Casey Albin, MD Profile picture
Feb 8 25 tweets 11 min read
In early residency, I was in a family meeting.

“Unfortunately, your 55yo loved one has suffered a very large stroke affecting a large portion of the brain. Surgery would reduce the change of death, but not the disability from the stroke.”

True or False? Vote below
A #tweetorial, #EmoryNCCTweetorial, @medtweetorials about the role of decompressive hemicraniectomy in ischemic stroke.

First, I cringe now thinking about this statement, because I was the one that said it 😳😱.


Fortunately, I was corrected. But, unfortunately, I have heard a version of this said on *numerous* occasions since then.

Why all the confusion?
A tweetorial covering (goals for the scroll, if you will @sigman_md)

✅What is malignant edema & what's the natural history
✅The evidence for DHC in MCA stroke
✅ Why the hesitation and confusion about poppin' the top?
“Malignant” MCA infarcts are complete, or near complete MCA territory infarctions which develop space-occupying mass effect which often results in herniation.

Much of what we know of the natural history was studied by Hacke et al (1996)
They prospectively eval'ed 55 pts w/ full territory MCA infarctions. Pt were 34-74 yo (avg 56). They were treated w/ intubation, hyperosmolar therapy, & barbiturates as needed (aggressive medical therapy).

💥78%💥 died despite maximal medical treatment with first 7 days.
Let’s contextualize this: ARDS sucks.

But our best estimates of death from ARDS is ~40% ( This is significant.

But, malignant middle cerebral ischemic edema?
~2x as deadly as ARDS 💀
When exactly do these patients herniate & die?

The median day of herniation was day 4⃣. But just making it to day 4⃣ did not mean you were out of the woods. Half of the worsening happened after that point. This is important for later.

The pts who survived were the older pt
So, we’re now all on the same page.
Full territory MCA stroke = bad. Particularly bad for young patients who have more robust edema responses and less atrophy to tolerate the swelling.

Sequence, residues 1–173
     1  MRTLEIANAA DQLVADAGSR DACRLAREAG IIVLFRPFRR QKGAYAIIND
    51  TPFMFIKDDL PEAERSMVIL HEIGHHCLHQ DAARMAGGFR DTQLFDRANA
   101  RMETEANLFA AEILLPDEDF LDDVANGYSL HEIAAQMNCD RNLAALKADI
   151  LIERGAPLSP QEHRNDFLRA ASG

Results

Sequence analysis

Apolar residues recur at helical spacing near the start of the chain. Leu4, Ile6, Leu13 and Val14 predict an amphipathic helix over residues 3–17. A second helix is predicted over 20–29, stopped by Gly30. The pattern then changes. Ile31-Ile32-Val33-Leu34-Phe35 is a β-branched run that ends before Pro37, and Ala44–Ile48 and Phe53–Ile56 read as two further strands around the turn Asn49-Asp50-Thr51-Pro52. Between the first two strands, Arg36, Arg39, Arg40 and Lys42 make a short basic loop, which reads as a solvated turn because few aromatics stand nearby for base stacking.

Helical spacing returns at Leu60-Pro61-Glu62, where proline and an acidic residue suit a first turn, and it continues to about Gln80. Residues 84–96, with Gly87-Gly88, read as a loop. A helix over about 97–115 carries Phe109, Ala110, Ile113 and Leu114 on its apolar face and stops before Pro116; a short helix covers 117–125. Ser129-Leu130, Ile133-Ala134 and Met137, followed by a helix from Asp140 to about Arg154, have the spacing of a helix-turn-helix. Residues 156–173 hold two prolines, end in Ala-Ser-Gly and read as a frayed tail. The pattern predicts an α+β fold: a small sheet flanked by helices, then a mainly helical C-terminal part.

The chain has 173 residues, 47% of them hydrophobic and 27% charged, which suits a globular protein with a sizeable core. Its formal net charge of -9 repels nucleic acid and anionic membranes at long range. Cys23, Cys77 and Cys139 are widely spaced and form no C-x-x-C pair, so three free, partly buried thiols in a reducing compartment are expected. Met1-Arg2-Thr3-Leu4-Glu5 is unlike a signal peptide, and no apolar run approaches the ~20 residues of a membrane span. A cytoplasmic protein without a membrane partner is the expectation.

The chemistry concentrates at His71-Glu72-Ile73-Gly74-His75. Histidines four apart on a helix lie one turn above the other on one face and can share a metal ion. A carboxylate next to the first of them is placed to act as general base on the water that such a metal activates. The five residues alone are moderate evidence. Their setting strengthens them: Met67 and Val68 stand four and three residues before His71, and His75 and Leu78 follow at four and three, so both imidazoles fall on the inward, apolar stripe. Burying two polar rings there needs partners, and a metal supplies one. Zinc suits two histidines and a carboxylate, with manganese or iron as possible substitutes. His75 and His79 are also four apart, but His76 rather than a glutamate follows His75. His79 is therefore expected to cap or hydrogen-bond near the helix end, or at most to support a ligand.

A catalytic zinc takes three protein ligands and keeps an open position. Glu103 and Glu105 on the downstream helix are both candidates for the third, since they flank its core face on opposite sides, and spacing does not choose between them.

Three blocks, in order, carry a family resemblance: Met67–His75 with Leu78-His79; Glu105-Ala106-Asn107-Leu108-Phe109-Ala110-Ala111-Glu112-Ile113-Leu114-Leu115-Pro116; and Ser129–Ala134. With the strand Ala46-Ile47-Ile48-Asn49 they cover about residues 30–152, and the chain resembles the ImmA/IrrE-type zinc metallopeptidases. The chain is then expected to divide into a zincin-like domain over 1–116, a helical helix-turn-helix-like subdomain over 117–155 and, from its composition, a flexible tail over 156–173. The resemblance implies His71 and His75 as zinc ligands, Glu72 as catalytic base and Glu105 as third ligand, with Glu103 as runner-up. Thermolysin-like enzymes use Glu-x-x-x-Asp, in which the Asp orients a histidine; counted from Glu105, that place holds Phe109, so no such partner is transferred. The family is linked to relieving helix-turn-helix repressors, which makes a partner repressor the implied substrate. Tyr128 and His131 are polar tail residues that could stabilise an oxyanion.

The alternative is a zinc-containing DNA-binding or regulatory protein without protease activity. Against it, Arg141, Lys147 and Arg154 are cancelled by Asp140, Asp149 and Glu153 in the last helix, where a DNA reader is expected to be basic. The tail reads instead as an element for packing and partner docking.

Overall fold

Medical therapy… *very* often fails.

Surgical therapy?
3 trials were published in the late 2000s to address this question: DESTINY I, DECIMAL, and HAMLET
All had some unique features.

👉Pts <60, w/ excellent functional baselines
👉All DHCs were completed b/f 96hrs;
👉Most were <48 hr (DESTINY<36hrs, DECIMAL<30hrs)
Importantly, the patients did not have to have “full” territory infarctions. Most trials required ~2/3 of the territory with some basal ganglia involvement.

Big strokes, but not necessarily every. single. thing in the MCA territory.
A pooled analysis of these trials was published in the Lancet in 2007 which looked at DHC which had been completed within *48 hours* of ictus of stroke.

The Result?
Survival more than doubled, but contrary what seems to be a pervasive misunderstanding, the patients that survived were not often left totally dependent (mRS = 5). In fact, the rate of mRS 5 was very low.

43% of patients achieved an mRS of 2 or 3.
This of course is not a “perfect” outcome. Most of the patients enrolled had no prior disability.

So, yes, you can make case that surgery doesn’t “cure” the disability of stroke.

But is this a worthwhile outcome?

For many patients, absolutely.

A reminder about mRS:
Of course, is mRS even the right score to determine the worthiness of a pt’s life?

In DECIMAL 2/3 patients were living at home @ 1 yr

In HAMLET, pts & caregivers had low rates of being dissatisfied with tx.
Potentially biased? yes.
Demonstrative of human resiliency? yes.
On the flip side, does decompressive hemicraniectomy guarantee a “good” outcome?


Even with the most aggressive care, about 1 in 4.5 patients will go on to die of their stroke. That is not an insignificant number.

An example of progression despite surgery (Day 2-7)
That said, the disability curve clearly shifts with DHC.

So why is there confusion?

I think there are 3 reasons:
1⃣ Surgery doesn’t reverse injury
2⃣ DHC has a different effect for older pts and in TBI
3⃣ Surgery is preventive not reactive
Even the best surgery can’t take back the stroke.

Like many things in #NCC, our job is preventing 2⃣nd injury.

By reducing compression and herniation we prevent secondary injury ➡️ decreases disability + mortality.

This keeps being proven. Meta-analysis from 2021.
What is more likely to be muddling the picture is that all of the data above applies to *young patients* (<60 yo).

Things are more complicated >60yo. DESTINY II looked at DHC in the >60 group:
👉Only 6% attained an mRS=3.
👉19% of pt were left severely disabled. mRS 5.
Similarly, DHC for TBI is a different beast.
Charts from
DECRA (Left): poor outcomes on the left of bar
(⬆️in the DHC group).

And RESCUEicp (Right). Not a major change in the number of “good” outcomes w/ DHC; higher “bad” outcomes fill the mortality difference.
Finally, I don’t think this is the reason there is confusion, but I think there is sometimes hesitancy to take the bone off. Why?

B/c we this is often a preventive action. The patients may be doing ok at the time of the surgery.

Remember swelling peaks at day ~4